Other Disorders That We Treat

Panic Attacks, Generalized Anxiety Disorder, and Trichotillomania

At the Westwood Institute for Anxiety Disorders, we also treat a range of other clinical conditions, especially anxiety and compulsive disorders. These include Panic Attacks, General Anxiety Disorder, and Trichotillomania.

Panic Attacks and Panic Disorder

A Panic Attack is a discrete period of intense fear or discomfort in the absence of real danger that is accompanied by at least 4 out of 13 somatic or cognitive symptoms. The symptoms include:

Panic attacks occurs suddenly and build to a peak very quickly, normally in 10 minutes or less. The sufferer often feels a sense of imminent danger or impending doom and an urge to escape.

Panic Disorder is characterized by multiple, unexpected Panic Attacks followed by at least 1 month of persistent concern about having another. Sufferers worry about what the Panic Attacks may lead to or stem from, or experience significant behavioral changes because of them. There are two subtypes: Panic Disorder without Agoraphobia and Panic Disorder with Agoraphobia.

Generalized Anxiety Disorder

Generalized Anxiety Disorder is the condition of excessive anxiety and worry about certain events or activities, occurring for more than half the time in a period of 6 or more months. The sufferer finds this worrying difficult to control. The feelings are also accompanied by at least three additional symptoms for adults and one for children, from the following list:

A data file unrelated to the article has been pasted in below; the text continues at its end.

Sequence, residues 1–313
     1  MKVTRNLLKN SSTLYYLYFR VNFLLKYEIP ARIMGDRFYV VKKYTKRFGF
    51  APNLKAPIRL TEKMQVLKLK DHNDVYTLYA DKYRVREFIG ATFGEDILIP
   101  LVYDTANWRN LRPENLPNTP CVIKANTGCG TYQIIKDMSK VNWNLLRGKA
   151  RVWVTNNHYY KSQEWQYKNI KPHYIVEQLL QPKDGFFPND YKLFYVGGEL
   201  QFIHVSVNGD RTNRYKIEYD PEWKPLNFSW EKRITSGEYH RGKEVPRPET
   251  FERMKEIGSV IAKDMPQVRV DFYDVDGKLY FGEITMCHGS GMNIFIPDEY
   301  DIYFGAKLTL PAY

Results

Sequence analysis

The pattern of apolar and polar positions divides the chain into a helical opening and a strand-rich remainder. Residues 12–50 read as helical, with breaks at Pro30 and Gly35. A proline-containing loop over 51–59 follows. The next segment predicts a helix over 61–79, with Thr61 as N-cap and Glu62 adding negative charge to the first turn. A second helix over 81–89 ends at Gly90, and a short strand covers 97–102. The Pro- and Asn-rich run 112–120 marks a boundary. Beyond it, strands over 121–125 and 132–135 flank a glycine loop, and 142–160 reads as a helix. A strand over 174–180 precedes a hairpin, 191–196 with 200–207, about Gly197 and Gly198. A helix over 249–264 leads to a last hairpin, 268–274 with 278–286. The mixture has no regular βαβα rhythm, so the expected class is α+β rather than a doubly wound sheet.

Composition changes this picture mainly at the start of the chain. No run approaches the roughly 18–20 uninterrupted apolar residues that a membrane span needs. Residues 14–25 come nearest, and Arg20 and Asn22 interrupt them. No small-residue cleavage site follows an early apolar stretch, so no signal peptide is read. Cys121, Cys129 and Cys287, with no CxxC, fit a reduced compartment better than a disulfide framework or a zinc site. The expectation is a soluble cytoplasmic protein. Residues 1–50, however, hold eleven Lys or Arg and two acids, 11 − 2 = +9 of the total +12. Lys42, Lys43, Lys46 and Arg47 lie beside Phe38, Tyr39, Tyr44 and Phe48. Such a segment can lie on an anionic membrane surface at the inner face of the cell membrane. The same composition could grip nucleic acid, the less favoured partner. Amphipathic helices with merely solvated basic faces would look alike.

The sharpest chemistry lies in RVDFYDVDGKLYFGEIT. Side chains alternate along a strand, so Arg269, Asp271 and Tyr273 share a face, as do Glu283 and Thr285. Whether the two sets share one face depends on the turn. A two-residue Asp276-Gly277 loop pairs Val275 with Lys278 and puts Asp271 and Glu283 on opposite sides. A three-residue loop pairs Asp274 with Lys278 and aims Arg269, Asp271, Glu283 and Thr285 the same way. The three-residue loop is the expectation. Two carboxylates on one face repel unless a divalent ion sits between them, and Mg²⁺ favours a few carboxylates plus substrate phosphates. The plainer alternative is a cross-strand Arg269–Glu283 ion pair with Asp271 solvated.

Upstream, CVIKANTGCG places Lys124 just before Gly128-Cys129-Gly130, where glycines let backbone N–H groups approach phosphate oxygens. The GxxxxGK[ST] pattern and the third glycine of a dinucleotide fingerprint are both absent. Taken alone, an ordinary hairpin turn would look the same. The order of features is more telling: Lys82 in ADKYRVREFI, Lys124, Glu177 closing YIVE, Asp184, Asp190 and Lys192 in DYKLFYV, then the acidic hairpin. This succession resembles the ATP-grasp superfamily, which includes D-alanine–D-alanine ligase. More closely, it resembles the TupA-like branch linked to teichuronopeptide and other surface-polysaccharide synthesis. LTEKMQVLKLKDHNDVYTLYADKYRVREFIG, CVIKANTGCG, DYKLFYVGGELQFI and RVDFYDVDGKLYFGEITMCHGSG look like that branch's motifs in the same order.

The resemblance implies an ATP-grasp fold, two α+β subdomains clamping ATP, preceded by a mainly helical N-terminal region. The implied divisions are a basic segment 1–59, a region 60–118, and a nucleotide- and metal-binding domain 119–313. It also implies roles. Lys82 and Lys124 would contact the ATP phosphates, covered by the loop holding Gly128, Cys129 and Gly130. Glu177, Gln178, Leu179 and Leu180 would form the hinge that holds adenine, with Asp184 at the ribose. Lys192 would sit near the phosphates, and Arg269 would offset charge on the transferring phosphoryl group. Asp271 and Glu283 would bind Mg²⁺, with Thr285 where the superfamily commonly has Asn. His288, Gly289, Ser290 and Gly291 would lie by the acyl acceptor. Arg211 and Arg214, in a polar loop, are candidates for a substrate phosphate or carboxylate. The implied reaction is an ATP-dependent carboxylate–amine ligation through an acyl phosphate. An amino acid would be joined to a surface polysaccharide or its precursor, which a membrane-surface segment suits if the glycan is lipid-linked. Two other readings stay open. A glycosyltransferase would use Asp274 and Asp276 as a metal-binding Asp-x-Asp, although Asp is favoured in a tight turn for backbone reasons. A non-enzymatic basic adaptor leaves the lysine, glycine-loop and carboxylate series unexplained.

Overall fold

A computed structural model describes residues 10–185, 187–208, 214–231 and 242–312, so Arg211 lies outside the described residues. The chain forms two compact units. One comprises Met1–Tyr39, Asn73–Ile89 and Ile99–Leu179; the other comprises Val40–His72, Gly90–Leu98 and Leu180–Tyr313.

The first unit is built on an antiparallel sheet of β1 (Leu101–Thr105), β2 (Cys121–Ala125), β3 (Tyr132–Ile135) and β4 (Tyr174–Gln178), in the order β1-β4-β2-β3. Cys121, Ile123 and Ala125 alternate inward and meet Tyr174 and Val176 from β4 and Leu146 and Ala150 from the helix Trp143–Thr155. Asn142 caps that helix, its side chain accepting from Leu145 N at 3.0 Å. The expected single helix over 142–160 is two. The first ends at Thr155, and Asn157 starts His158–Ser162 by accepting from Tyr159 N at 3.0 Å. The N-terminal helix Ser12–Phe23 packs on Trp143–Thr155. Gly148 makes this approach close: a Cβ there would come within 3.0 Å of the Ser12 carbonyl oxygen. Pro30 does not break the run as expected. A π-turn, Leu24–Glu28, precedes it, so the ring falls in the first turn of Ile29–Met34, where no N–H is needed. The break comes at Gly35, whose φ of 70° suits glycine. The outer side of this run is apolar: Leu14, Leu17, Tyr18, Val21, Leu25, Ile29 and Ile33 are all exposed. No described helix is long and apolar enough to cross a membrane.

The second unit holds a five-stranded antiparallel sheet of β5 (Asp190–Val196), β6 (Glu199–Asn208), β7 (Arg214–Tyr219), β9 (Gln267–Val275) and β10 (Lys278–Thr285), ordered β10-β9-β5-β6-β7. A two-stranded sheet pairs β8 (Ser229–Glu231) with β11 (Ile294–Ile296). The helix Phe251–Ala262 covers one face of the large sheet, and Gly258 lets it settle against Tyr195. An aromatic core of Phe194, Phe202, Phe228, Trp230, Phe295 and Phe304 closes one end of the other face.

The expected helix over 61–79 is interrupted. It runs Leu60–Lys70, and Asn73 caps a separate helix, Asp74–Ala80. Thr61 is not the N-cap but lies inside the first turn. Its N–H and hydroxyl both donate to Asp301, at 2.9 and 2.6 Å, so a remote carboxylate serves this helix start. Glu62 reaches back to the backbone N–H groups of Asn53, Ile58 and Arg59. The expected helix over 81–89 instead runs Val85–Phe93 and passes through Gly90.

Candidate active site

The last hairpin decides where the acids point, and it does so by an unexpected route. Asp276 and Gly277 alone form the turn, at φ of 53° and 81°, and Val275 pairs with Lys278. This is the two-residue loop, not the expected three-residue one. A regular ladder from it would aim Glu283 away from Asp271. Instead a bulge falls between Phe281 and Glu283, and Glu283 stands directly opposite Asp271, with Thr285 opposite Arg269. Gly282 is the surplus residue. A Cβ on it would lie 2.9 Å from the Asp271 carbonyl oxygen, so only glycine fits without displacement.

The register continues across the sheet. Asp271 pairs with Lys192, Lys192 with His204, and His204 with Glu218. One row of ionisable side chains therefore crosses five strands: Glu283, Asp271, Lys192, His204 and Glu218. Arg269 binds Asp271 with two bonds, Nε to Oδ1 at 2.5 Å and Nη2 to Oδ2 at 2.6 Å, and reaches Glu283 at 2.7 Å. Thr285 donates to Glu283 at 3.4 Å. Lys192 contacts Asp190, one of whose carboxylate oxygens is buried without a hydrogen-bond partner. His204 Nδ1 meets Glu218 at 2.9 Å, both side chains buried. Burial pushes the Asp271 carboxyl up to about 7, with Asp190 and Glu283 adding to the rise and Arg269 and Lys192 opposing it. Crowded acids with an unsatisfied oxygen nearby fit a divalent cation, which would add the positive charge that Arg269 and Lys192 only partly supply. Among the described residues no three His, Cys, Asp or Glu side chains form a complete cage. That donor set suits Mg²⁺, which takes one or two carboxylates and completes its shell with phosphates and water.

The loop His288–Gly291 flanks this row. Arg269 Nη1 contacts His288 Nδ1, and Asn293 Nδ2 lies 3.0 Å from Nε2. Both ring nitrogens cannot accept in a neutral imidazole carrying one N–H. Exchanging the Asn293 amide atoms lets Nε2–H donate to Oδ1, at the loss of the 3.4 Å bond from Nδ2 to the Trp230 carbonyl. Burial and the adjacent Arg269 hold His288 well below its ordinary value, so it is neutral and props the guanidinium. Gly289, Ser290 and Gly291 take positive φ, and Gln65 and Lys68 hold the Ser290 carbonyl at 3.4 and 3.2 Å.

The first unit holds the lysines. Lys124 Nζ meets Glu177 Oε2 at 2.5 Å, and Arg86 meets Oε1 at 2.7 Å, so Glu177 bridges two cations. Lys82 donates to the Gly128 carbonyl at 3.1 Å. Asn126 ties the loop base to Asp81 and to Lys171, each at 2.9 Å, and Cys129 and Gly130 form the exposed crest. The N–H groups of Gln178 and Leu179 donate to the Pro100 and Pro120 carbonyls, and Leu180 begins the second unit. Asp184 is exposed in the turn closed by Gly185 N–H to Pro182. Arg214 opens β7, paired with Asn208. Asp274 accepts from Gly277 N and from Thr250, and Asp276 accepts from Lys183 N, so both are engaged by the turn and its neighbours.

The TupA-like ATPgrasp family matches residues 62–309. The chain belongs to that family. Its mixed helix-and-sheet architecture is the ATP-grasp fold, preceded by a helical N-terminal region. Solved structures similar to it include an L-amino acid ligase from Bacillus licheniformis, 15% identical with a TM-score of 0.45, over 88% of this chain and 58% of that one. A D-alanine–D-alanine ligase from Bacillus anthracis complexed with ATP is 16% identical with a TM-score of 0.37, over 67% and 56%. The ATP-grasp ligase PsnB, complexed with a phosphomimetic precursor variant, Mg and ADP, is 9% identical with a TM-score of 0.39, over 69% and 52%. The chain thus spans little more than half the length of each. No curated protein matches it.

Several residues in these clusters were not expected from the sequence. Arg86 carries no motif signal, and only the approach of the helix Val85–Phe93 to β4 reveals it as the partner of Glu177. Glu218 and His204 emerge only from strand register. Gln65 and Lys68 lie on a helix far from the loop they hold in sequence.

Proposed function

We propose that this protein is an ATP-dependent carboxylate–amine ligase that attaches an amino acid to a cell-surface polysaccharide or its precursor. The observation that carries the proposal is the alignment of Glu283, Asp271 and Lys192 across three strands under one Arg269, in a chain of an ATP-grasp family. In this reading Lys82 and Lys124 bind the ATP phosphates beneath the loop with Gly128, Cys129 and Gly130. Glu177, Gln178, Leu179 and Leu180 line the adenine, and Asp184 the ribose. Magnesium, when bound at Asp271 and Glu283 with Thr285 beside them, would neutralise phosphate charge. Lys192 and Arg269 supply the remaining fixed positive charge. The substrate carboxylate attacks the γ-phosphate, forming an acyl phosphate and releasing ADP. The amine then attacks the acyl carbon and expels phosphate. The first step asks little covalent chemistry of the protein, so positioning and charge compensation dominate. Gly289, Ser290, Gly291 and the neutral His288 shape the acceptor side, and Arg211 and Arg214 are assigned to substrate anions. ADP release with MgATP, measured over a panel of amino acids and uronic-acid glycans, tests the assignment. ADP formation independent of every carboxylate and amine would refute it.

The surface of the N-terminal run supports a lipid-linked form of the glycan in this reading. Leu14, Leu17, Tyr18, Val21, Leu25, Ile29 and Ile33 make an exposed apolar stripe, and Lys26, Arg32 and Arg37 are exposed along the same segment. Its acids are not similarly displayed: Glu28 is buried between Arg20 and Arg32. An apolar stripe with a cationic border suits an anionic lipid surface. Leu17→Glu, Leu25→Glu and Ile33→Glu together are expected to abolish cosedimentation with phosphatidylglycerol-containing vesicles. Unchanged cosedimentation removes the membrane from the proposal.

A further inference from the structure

The worrying is not realistic for the likelihood or actual effects of the event that the sufferer fears. GAD sufferers are often needlessly anxious about day-to-day activities such as traveling to work on time or taking care of chores.

Trichotillomania: Compulsive Hair Pulling

Trichotillomania (TTM) is the pulling out of one's own hair that results in noticeable hair loss. The body area that hair is pulled from can vary, and commonly include the scalp, eyebrows, and eyelashes. Pulling episodes may occur scattered throughout the day or in sustained, deliberate periods, and some sufferers do so in a trance-like state while distracted by other activities, without being aware of it. Usually, the sufferer first has a sense of tension that is related to resisting the urge to pull. There is often also a sense of pleasure or soothing from the pulling itself. The disturbance not be better explained by another disorder (Eg. hallucinations or medical conditions of the scalp), and must cause significant distress or impairment in important life functioning, such as finding or keeping a job and maintaining relationships.

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